Mission Hospital improved care for seriously ill patients in the emergency department or on a medical-surgical floor by using a specialized nurse-driven Rapid Response Team. The goal was to reduce the incidence and mortality of non-ICU cardiac/respiratory arrests by 50 percent. The program reduced cardiac or respiratory arrests outside the ICU from 36 to 16 during a one-year period, and the associated mortality rate for floor code patients decreased from 62 percent to 23 percent during the same time frame. This initiative is especially relevant given a national trend within hospitals where seriously ill inpatients are at greater risk for increased mortality due to the lack of available ICU or telemetry beds.
Novant Health established a comprehensive program to improve compliance with hand hygiene practices and reduce methicillin-resistant Staphylococcus aureus (MRSA) infections. Hand hygiene compliance rates improved from 49 percent to 98 percent during a four-year period, and MRSA rates decreased from 0.5 per 1000 patient days to 0.3 per 1000 patient days–a 40 percent reduction. This translated to 100 fewer MRSA health care-associated infections for the Novant Health System. The program achieved cultural change by emphasizing patient safety and proved that behaviors can be changed when employees understand that everyone is responsible for patient outcomes.
Shukri F. Khuri, M.D. achieved national and international prominence in the fields of cardiac pathophysiology, cardiac surgery, medical informatics, quality improvement, and health policy research. For 16 years, Dr. Khuri oversaw the National Surgical Quality Improvement Program (NSQIP) in the Department of Veterans Affairs. Recognized today as the model for continuous improvement in surgery, NSQIP is the first national, validated, outcome-based, risk-adjusted and peer-controlled program for the measurement and enhancement of the quality of surgical care. Since the inception of NSQIP, 30-day postoperative mortality and morbidity have dropped by 47 percent and 43 percent, respectively. Dr. Khuri was also instrumental in implementing NSQIP in the private sector through collaboration with the American College of Surgeons. Dr. Khuri died September 26, 2008.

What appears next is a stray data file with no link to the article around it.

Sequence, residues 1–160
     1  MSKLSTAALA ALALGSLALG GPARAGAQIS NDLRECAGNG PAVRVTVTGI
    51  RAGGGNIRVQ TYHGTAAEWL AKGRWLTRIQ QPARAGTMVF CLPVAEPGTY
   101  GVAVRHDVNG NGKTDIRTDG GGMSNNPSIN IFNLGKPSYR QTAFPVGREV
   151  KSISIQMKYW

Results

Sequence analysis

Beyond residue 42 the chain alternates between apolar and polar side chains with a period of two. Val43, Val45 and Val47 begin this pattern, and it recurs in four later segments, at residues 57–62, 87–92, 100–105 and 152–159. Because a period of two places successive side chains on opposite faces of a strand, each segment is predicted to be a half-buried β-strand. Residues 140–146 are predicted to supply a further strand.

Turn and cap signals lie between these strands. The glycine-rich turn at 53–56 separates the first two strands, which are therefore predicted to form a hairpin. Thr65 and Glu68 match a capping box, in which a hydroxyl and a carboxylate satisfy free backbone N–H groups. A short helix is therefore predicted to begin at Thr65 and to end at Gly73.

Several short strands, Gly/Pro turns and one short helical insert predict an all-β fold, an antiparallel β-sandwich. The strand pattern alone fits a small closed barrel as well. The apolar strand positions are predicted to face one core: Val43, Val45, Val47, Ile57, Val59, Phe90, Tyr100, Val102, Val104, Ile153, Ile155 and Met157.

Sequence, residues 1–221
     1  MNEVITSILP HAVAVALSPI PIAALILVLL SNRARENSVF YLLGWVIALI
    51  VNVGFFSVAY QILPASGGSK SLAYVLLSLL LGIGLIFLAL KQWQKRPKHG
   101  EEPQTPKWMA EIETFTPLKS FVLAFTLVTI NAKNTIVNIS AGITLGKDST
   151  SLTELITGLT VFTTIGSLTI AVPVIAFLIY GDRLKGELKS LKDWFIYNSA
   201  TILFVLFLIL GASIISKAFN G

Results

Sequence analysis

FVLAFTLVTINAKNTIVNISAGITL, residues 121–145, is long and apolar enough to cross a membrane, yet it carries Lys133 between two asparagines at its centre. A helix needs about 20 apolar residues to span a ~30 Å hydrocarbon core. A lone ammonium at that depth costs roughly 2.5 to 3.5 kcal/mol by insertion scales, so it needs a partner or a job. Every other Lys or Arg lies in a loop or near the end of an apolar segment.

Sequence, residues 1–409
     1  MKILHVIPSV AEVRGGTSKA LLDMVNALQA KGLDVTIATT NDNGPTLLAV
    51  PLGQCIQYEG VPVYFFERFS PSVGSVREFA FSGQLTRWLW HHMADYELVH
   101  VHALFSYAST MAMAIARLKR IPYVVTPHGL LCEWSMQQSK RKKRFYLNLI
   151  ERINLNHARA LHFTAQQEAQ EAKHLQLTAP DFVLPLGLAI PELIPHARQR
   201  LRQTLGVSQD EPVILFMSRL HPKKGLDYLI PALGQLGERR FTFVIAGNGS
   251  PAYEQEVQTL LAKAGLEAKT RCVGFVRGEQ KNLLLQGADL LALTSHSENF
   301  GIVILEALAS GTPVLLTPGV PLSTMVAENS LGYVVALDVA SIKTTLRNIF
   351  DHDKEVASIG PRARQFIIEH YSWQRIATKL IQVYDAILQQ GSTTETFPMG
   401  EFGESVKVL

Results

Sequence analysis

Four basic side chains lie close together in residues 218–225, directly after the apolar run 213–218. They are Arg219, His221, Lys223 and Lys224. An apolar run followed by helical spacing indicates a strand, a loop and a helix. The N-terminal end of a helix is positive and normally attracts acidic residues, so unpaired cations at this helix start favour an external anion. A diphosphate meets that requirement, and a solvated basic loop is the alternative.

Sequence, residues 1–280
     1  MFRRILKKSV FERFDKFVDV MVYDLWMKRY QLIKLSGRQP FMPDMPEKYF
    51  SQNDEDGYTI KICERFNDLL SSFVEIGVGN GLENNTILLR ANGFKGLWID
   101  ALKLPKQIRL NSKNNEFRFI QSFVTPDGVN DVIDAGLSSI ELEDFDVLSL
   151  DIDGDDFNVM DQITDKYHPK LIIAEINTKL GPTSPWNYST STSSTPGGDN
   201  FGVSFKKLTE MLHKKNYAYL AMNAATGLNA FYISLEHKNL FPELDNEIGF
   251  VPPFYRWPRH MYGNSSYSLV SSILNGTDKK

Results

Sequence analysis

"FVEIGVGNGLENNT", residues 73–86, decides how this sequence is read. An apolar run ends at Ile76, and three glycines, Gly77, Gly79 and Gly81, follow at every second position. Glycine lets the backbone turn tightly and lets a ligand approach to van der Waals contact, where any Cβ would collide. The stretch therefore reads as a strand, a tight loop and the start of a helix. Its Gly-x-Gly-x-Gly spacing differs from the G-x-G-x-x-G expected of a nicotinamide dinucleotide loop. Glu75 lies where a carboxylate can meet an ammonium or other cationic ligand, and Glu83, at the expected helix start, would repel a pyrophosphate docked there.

Founded in 1951, The Joint Commission seeks to continuously improve the safety and quality of care provided to the public through the provision of health care accreditation and related services that support performance improvement in health care organizations. The Joint Commission evaluates and accredits more than 15,000 health care organizations and programs in the United States, including more than 8,000 hospitals and home care organizations, and more than 6,200 other health care organizations that provide long term care, assisted living, behavioral health care, laboratory and ambulatory care services. The Joint Commission also accredits health plans, integrated delivery networks, and other managed care entities. In addition, The Joint Commission provides certification of disease-specific care programs, primary stroke centers, and health care staffing services. An independent, not-for-profit organization, The Joint Commission is the nation’s oldest and largest standards-setting and accrediting body in health care. Learn more about The Joint Commission at http://www.jointcommission.org/.